As Blue Origin readies for its inaugural crewed New Shepard launch on 20 July—the 52nd anniversary of the first human landing on the Moon—the four people heading to the edge of space are lined up to establish a few records of their own. Reportedly worth in excess of $200 billion, Blue Origin founder Jeff Bezos will surpass Sir Richard Branson as the wealthiest human ever to reach space, whilst the presence of his brother Mark aboard New Shepard makes this the first space mission to feature a pair of siblings. And rounding out the crew are 82-year-old “Mercury 13” aviator Wally Funk and 18-year-old student Oliver Daemen, who are set to become the oldest and youngest humans ever launched into space.
The assignment of Daemen comes as something of a surprise: in part due to his youth, but also the fact that he is actually not the $28 million winner of a recent online auction for the first fare-paying New Shepard seat.
“The winner of Blue Origin’s auction, who has asked to remain anonymous at this time, has chosen to fly on a future New Shepard mission, due to scheduling conflicts,” the organization announced Thursday. “This marks the beginning of commercial operations for New Shepard and Oliver represents a new generation of people who will help us build a road to space.”
Flying in space “will fulfil a lifelong dream” for Daeman, who has been fascinated by space exploration, the Moon and rocketry since the age of four. He graduated from high school last year and took a gap year before continuing his studies to obtain a private pilot’s license. He is set to attend the University of Utrecht in the Netherlands this coming September to study physics and innovation management.
Earlier this week, it was revealed that the seat auction had enabled Blue Origin to offer $1 million grants to 19 non-profit charitable organizations through its Club for the Future program “to inspire future generations to pursue careers in Science, Technology, Engineering and Mathematics (STEM) and help invent the future of life in space”.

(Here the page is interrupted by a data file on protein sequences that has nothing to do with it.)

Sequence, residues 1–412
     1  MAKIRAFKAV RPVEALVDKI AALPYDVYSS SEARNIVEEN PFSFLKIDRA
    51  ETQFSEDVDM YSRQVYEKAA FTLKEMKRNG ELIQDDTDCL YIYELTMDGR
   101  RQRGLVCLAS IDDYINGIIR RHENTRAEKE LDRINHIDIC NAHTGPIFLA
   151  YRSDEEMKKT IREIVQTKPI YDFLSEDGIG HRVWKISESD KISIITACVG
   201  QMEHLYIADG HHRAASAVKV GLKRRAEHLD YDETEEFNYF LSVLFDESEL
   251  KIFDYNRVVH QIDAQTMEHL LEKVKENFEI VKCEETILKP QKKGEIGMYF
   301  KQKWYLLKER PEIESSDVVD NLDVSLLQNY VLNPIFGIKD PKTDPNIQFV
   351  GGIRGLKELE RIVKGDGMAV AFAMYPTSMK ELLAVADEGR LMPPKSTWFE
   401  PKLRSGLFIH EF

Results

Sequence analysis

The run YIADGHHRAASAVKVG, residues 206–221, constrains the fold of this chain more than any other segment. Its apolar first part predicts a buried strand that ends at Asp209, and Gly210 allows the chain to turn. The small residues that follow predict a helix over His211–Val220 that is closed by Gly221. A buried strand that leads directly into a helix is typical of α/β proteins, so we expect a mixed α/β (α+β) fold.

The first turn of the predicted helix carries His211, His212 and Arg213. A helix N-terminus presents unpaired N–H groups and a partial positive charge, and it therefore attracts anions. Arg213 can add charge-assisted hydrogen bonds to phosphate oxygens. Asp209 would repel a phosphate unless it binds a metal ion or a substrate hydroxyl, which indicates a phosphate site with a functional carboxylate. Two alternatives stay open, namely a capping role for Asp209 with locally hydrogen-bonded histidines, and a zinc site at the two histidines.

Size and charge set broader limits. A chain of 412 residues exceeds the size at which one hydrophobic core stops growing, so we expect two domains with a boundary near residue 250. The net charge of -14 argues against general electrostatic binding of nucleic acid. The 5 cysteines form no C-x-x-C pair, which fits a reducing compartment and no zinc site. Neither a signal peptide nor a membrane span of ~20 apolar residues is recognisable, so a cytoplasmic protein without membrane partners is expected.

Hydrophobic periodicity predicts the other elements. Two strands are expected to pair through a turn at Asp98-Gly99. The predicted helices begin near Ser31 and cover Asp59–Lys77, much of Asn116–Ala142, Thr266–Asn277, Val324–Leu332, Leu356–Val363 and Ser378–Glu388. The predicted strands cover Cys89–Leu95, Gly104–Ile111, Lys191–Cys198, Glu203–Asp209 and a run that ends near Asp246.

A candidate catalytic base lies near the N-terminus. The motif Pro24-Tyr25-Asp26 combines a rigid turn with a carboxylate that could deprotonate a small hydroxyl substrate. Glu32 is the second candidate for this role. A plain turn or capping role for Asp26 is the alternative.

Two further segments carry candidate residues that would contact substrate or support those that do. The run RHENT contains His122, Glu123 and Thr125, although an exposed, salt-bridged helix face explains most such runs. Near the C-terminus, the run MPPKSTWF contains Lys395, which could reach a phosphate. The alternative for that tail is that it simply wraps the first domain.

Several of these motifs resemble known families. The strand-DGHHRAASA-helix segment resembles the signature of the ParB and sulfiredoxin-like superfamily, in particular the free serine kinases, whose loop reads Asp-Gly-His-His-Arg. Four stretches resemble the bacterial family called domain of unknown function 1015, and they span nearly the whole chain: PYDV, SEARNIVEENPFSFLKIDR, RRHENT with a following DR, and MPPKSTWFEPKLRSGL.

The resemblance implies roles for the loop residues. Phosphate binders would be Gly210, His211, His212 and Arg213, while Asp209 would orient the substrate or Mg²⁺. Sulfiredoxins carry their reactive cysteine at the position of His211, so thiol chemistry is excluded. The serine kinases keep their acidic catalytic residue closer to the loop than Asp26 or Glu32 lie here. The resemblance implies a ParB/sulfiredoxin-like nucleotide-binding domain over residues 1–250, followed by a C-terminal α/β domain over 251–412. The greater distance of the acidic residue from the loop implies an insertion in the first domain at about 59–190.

Those organizations range from women-and-minorities-in-STEM pathfinders AstraFemina to the Brooke Owens Fellowship, from the Astronaut Scholarship Foundation (ASF) to the Planetary Society and from the Challenger Center to school-focused experimental learning lab Higher Orbits. Each has been chosen on account of their “commitment to promote the future of living and working in space to inspire the next generation”.
“Our recent auction for the first seat on New Shepard results in a donation of $28 million to our non-profit foundation, Club for the Future,” said Blue Origin CEO Bob Smith. “This donation is enabling Club for the Future to rapidly expand its reach by partnering with 19 organizations to develop and inspire the next generation of space professionals. Our generation will build the road to space and these efforts will ensure the next generation is ready to go even further.”
Launch of what will be the 16th flight of a New Shepard vehicle will occur from Blue Origin’s West Texas site no sooner than 8 a.m. CDT (9 a.m. EDT) Tuesday. The 59-foot-tall (18-meter) New Shepard 1 (NS1) first flew back in April 2015 and passed an altitude of 62.4 miles (100.5 km), thereby exceeding the “Kármán Line” which is generally recognized to be the edge of space. However, a loss of hydraulic pressure during descent meant the NS1 booster was not recovered.
In November 2015, the NS2 booster flew its first mission flawlessly and came home to a smooth landing. In doing so, it marked the first occasion that a suborbital-class booster had returned from space and achieved a vertical landing.
Over the course of a year, NS2 flew four more times, chalking up several significant flight milestones as Blue Origin worked toward its plan for suborbital human spaceflight. The descent profile of the crew capsule was tested under two parachutes (rather than the nominal three) and on NS2’s fifth and final mission in October 2016 New Shepard’s in-flight abort system was successfully trialed.
Following NS2’s retirement, the NS3 vehicle came online and undertook its maiden voyage in December 2017. It went on to fly seven times by October 2020, achieving a peak altitude of 73.8 miles (118.8 km) and demonstrating not only the upgraded Crew Capsule 2.0, but also a heavily instrumented test dummy, nicknamed “Mannequin Skywalker”.